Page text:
You might think the author of A Game of Thrones has enough to occupy his time, but when he’s not making readers wait for his next book or toiling in the realms of TV, George R.R. Martin is known for elevating other sci-fi and fantasy writers. One way he does this: by presenting the long-running Wild Cards series, set in a world where an alien virus causes death, mutations, or superpowers among the infected.
Since the Wild Cards shared universe’s arrival in 1987, it’s grown to include dozens of books by an array of authors, created in different formats. But even if you haven’t picked up any previous entries, each title—including novels, mosaic novels, anthologies, comics, and graphic novels; there was even a streaming series in the works at one point—is designed to be standalone, as long as you know the basic premise. Earlier this month saw the release of George R.R. Martin Presents Wild Cards: Pairing Up: An Anthology, edited by Martin with contributions from Melinda M. Snodgrass, Kevin Andrew Murphy, Marko Kloos, Bradley Denton, Peter Newman, Gwenda Bond, David Anthony Durham, and Christopher Rowe. The stories all explore the human heart, and are described as being “crazy, unconventional, touching, strange, and oh-so-familiar, this is love, Wild Cards-style.”
That brings us to George R.R. Martin Presents Wild Cards: Now & Then: A Graphic Novel by best-selling author Carrie Vaughn, with illustrations by Eisner nominee Renae De Liz. It’s out tomorrow, July 18, and io9 has a sneak to share today.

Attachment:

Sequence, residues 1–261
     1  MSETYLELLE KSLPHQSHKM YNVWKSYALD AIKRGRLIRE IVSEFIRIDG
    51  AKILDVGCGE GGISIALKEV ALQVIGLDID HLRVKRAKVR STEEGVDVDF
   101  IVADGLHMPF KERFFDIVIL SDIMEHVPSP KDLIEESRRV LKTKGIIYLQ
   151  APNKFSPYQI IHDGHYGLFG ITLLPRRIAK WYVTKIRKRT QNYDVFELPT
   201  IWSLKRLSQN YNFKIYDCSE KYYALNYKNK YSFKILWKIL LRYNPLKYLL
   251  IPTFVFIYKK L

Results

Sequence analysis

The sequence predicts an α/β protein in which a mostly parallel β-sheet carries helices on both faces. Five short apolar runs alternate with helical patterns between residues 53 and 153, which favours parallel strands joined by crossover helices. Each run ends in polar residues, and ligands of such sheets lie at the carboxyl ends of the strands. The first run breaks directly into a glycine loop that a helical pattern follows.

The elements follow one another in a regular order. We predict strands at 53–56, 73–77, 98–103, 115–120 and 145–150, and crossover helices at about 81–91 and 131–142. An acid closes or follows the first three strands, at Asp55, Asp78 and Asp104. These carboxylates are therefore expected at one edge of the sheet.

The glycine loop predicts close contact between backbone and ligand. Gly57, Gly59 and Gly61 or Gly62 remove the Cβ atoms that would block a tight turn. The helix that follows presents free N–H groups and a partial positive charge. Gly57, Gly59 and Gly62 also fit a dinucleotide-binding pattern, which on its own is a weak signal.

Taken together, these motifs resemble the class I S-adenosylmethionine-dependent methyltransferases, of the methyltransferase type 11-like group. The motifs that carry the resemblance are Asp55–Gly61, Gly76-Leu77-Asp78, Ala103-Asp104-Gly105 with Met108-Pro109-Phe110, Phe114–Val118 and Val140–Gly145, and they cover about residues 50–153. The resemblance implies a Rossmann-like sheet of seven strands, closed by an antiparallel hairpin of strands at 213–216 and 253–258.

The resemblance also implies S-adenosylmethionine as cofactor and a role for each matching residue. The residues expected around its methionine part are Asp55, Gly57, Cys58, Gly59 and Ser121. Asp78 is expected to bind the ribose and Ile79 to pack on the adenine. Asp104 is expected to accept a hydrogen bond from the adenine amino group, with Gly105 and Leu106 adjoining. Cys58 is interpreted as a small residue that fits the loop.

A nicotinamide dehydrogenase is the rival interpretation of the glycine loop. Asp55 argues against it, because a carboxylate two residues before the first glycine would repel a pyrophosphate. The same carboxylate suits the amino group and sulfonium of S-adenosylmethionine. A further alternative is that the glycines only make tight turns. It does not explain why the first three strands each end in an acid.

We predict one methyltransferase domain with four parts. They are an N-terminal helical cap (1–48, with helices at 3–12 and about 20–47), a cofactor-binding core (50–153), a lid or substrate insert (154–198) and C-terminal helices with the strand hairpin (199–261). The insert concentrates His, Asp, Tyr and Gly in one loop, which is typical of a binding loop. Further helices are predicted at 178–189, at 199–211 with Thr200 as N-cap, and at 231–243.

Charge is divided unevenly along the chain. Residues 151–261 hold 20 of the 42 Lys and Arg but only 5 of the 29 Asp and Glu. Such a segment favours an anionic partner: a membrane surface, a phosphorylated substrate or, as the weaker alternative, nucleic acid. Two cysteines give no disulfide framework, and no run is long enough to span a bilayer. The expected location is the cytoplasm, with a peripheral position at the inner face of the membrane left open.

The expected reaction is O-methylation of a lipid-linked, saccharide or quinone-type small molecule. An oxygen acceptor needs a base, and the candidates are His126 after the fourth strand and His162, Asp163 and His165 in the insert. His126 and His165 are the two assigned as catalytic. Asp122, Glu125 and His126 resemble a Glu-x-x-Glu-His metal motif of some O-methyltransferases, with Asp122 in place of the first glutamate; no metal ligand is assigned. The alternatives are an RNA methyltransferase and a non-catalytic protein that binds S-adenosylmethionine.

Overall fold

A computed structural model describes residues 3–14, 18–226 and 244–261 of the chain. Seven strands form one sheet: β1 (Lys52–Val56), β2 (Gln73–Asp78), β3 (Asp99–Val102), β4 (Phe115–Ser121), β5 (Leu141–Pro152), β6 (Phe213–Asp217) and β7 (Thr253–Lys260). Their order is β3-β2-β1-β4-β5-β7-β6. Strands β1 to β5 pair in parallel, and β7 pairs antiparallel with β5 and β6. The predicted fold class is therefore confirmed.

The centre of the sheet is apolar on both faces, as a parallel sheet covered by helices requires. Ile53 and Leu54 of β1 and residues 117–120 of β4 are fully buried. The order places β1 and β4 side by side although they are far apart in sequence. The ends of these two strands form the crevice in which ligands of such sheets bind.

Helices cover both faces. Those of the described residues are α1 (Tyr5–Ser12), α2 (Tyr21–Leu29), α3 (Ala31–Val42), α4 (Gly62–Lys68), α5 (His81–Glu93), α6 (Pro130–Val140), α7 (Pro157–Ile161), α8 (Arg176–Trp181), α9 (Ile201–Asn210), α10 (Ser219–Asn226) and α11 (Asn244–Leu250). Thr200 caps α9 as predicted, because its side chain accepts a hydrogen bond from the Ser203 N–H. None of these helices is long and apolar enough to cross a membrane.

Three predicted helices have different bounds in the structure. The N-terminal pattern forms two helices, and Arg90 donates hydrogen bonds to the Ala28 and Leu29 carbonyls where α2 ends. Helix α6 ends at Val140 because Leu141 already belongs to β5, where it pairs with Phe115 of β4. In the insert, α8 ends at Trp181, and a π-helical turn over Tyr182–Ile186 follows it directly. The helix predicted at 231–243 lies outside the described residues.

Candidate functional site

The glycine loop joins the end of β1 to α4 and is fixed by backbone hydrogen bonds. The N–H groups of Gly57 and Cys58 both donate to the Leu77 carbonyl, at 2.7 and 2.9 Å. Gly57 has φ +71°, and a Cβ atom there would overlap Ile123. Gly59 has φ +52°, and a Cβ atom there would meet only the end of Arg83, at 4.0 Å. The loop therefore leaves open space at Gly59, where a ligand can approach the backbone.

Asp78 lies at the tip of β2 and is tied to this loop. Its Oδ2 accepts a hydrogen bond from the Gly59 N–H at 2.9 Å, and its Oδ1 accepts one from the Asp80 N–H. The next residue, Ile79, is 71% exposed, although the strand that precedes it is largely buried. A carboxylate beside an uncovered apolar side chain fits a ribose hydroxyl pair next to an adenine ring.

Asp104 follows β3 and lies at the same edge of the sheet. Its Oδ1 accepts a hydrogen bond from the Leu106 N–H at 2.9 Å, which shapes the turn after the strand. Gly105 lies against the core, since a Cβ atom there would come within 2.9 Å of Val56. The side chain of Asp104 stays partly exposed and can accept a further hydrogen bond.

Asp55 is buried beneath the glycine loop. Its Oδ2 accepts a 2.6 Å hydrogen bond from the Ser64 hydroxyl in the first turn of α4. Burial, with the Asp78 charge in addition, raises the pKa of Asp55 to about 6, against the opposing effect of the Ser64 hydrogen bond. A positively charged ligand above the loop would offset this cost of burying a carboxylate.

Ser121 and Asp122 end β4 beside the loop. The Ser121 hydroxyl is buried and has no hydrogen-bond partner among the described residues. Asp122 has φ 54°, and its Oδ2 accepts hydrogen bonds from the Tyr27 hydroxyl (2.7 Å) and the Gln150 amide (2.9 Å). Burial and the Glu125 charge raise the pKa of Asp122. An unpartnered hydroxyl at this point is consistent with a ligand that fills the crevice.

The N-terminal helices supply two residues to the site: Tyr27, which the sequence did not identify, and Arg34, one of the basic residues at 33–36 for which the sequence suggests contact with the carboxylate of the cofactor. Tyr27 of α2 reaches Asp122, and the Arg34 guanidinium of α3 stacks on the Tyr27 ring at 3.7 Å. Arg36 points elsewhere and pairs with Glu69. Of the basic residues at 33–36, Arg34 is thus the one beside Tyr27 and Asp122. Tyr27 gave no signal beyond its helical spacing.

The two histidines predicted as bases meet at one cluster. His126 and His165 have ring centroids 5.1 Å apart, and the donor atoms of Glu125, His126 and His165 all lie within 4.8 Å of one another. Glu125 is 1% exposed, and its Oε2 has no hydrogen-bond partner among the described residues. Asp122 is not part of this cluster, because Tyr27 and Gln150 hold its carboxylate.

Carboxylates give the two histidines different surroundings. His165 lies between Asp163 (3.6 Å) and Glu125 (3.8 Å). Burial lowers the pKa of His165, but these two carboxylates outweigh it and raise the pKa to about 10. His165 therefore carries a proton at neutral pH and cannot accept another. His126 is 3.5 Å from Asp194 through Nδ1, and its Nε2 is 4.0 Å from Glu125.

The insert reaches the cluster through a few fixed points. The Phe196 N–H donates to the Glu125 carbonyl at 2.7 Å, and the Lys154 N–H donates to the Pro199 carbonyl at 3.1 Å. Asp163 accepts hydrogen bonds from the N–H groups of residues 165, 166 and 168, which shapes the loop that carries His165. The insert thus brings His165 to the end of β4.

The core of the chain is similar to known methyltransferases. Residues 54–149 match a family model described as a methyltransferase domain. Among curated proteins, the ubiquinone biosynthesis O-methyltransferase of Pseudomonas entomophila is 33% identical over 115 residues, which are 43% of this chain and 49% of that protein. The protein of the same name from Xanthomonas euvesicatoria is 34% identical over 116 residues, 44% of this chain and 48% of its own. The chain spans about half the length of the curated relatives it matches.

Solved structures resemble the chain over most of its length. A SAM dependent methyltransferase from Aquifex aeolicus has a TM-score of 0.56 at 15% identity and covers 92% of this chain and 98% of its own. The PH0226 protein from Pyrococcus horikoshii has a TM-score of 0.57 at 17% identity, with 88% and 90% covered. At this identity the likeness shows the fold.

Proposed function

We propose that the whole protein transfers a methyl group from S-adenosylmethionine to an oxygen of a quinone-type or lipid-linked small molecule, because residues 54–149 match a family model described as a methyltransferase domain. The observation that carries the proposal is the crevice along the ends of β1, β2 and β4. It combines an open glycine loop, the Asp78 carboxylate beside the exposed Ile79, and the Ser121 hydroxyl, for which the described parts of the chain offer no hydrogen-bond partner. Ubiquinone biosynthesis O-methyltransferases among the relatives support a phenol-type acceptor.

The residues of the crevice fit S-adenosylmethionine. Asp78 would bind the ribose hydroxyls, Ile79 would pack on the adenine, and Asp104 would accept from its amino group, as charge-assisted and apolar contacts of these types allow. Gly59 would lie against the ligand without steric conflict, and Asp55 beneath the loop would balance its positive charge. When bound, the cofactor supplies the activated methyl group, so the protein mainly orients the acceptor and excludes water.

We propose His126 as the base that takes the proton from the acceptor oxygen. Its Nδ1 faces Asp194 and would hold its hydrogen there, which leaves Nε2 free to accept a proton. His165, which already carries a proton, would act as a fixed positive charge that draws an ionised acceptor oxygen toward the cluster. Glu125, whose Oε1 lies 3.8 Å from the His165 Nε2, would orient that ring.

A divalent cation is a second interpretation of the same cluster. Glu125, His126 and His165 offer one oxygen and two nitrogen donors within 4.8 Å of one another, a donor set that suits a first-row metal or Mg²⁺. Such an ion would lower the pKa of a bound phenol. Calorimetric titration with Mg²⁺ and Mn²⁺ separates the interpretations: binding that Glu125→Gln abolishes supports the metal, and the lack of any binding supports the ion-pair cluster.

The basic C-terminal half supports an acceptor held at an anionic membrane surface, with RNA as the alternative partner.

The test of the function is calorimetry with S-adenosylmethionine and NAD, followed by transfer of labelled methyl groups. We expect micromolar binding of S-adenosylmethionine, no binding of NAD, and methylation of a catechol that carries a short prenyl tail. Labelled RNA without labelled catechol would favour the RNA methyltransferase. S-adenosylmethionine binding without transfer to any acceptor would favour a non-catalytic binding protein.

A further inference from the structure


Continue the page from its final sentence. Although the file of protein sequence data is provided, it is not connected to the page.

Here’s what the story of Now & Then is about.
In 1946, an alien virus ravaged the world, its results as random as a hand of cards. Those infected either draw the black queen and die, draw an ace and receive superpowers, or draw the joker and are bizarrely mutated.
Over a year ago, the U.N.’s Committee for Extraordinary Interventions sent ace heroes Ana Cortez and Kate Brandt—Earth Witch and Curveball—to Brazil to investigate Aurora Mission, a charity that claimed to provide education and medical care for those affected by the Wild Card virus. But local ace and activist Gabriel Silva reported abuses. Ana and Kate helped him get to the truth, which turned out to be far more sinister than anyone expected.
Ana and Kate thought that case was closed, but now, a Brazilian official has questions. Did they do the right thing, or overreach their authority? The case amply demonstrates that, even in a world of incredible powers, there will always be victims.
Keep reading for an advanced peek at graphic Now & Then (available July 18), plus the cover of story collection Pairing Up (available now).